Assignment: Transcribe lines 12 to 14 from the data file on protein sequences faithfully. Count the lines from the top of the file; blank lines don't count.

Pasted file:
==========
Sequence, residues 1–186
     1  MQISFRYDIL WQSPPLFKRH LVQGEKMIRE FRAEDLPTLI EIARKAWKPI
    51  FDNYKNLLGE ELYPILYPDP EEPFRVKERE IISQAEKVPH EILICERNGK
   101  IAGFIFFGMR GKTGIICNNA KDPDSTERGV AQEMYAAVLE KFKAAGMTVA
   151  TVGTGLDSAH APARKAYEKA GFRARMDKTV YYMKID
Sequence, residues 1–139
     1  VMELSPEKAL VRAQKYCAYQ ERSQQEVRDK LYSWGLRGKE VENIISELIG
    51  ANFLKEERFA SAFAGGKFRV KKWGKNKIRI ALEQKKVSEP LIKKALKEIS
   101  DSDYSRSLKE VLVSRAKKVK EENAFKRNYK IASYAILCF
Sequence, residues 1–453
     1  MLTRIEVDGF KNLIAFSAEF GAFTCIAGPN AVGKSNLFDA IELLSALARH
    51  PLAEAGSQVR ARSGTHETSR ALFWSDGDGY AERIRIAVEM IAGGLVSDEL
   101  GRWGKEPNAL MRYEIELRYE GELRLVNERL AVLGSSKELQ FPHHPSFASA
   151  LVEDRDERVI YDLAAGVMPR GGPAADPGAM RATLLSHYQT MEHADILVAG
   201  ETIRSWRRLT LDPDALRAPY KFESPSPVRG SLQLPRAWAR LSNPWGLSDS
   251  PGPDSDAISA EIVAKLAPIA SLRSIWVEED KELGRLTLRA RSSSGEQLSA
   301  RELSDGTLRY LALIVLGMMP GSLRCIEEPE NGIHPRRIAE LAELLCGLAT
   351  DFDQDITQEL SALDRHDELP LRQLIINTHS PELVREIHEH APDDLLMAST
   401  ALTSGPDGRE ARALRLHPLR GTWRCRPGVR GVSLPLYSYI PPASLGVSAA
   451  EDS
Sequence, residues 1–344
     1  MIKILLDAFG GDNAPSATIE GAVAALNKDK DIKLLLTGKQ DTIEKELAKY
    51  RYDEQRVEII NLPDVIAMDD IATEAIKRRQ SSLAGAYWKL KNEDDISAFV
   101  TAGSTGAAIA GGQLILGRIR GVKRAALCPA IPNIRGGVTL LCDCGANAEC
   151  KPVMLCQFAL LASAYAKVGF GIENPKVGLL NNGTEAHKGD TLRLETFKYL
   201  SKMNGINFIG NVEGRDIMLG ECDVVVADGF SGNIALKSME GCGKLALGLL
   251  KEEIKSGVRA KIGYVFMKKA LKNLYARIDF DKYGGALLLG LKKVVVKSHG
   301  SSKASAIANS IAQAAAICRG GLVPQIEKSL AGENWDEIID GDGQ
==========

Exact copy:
    51  PLAEAGSQVR ARSGTHETSR ALFWSDGDGY AERIRIAVEM IAGGLVSDEL
   101  GRWGKEPNAL MRYEIELRYE GELRLVNERL AVLGSSKELQ FPHHPSFASA
   151  LVEDRDERVI YDLAAGVMPR GGPAADPGAM RATLLSHYQT MEHADILVAG